When reviewing existing policies, corporate policyholders should consider the following:
Cyber insurance typically covers first- and third-party losses arising from the disclosure of personal information in a data breach or cyber incident. The GDPR, however, regulates the processing of personal data. Processing violations could result from the length of time an individual's data has been stored or the failure to erase personal data upon request (the "right to be forgotten"). Some current cyber policies would not cover such processing claims because they do not involve the unauthorized disclosure of data.
Policyholders should amend their policies as necessary to ensure they have coverage for processing violations.
The question of whether GDPR fines are insurable may not be resolved any time soon. Yet insurers continue to sell cyber policies that promise to cover GDPR fines. Policyholders should take advantage of this market reality to: (i) obtain the best available coverage for GDPR risks; and (ii) include provisions that reduce the likelihood that coverage will be voided on public policy grounds. Companies should ensure their policies expressly cover regulatory fines, particularly where the fine is not the result of intentional misconduct. Regulatory coverage should include a specific reference to the GDPR.
Policyholders should also ensure that other policy terms do not operate to limit coverage for civil fines. In addition, it may be useful to include a choice of law provision based on "most favorable jurisdiction," similar to those used for punitive damages coverage. Policyholders should undertake an analysis, with the assistance of counsel, to determine which jurisdictions might give rise to a GDPR proceeding and whether policy language can be added to select a governing law favorable to coverage.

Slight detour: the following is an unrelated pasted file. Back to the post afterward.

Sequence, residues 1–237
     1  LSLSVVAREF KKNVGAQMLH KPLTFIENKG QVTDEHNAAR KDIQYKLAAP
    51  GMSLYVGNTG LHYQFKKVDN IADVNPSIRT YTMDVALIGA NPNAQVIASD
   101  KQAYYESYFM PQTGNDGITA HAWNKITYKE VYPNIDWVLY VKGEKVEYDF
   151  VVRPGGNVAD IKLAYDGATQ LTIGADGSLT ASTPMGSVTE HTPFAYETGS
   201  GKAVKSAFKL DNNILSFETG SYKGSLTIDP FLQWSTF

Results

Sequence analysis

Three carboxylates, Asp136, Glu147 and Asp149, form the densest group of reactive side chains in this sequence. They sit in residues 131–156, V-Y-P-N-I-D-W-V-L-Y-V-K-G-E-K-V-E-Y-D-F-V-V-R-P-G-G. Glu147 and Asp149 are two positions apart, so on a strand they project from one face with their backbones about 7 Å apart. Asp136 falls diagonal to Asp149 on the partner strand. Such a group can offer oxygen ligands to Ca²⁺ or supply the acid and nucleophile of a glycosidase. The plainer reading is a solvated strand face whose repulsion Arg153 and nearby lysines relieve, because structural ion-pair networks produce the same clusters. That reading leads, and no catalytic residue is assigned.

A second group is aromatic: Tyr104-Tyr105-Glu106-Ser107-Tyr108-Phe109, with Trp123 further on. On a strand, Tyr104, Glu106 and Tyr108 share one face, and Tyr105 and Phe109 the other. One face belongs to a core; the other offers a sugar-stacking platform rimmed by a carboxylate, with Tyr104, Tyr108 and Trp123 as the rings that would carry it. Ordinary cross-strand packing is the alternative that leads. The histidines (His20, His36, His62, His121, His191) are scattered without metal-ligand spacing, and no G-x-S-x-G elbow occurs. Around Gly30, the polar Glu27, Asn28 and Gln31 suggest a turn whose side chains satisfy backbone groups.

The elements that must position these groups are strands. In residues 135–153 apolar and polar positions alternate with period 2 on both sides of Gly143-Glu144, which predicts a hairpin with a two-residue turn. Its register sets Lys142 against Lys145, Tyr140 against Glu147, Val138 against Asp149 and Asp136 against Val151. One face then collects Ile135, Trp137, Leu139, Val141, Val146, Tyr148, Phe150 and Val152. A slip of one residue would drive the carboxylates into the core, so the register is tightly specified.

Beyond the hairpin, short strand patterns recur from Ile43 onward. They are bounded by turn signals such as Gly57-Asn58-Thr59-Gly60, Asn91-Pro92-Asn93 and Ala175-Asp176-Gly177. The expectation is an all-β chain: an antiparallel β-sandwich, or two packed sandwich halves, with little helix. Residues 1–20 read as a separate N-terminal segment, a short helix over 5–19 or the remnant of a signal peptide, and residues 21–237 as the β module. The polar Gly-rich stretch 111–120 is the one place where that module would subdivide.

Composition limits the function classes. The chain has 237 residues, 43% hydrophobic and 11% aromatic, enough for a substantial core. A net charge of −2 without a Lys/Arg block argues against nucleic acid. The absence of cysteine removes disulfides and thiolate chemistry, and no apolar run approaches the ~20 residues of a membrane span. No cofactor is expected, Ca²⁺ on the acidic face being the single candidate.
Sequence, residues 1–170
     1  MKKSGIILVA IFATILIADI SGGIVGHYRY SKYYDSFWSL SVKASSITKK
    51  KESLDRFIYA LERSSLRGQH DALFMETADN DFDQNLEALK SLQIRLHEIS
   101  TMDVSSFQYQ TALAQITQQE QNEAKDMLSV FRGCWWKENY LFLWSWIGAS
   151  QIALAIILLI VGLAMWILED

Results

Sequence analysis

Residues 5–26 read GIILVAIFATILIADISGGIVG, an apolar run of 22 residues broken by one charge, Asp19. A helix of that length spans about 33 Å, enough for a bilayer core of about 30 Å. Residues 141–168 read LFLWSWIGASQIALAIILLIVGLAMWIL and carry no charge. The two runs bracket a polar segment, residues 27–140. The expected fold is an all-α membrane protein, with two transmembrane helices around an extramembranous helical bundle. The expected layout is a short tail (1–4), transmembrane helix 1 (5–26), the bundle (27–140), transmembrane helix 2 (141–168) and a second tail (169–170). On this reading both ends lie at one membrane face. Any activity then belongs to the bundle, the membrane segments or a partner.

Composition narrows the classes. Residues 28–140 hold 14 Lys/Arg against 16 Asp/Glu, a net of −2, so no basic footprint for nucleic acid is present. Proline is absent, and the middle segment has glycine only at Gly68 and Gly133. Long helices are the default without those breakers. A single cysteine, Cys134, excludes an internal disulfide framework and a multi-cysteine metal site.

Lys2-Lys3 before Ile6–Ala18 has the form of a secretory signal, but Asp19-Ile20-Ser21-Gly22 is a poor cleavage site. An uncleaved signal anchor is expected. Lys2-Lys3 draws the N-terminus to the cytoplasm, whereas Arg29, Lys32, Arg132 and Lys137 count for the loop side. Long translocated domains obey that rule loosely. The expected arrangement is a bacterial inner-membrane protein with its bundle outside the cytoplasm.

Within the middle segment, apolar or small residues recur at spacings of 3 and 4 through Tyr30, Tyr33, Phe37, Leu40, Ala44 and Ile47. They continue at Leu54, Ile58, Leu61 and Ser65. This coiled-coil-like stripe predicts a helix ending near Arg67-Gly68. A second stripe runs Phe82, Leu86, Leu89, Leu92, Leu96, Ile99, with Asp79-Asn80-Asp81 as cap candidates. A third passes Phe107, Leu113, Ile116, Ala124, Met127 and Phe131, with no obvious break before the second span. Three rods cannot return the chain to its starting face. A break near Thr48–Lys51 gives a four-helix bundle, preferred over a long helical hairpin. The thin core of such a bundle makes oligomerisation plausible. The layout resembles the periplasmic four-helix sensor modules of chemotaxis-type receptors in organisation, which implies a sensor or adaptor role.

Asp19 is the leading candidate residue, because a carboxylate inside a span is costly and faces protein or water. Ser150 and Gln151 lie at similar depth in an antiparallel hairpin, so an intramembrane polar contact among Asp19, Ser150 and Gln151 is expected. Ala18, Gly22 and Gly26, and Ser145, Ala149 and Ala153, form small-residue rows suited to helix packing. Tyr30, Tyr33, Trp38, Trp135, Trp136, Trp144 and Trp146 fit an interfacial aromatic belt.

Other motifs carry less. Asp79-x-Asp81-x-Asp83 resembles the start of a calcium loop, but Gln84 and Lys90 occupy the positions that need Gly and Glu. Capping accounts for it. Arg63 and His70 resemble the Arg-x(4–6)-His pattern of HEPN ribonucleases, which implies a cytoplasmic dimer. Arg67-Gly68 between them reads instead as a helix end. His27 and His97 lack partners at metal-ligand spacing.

Policyholders should assess whether their cyber policies afford sufficient limits to respond to the potentially enormous fines under the GDPR. This will involve consideration of the nature and scope of the company's business operations, the strength of its cybersecurity, and the specific exposures it faces under the GDPR. Corporate policyholders must also pay close attention to deductibles, self-insured retentions, and sub-limits, which are often used to limit regulatory coverage.
The GDPR is already in place and applies to companies operating in the European Union as well as companies outside the European Union that offer goods or services to EU residents.
Any company subject to the GDPR should evaluate the issues described here when placing or renewing cyber insurance programs, to ensure their policies address the risk exposures created by the new regulatory regime.
Three Key Takeaways
Cyber insurance typically covers losses arising from the disclosure of personal information in a data breach or cyber incident. The GDPR, however, regulates the processing of personal data.
As a matter of public policy, regulatory fines are uninsurable in some EU Member States.
Companies subject to the GDPR should make certain their policies address the risk exposures created by the new regulatory regime.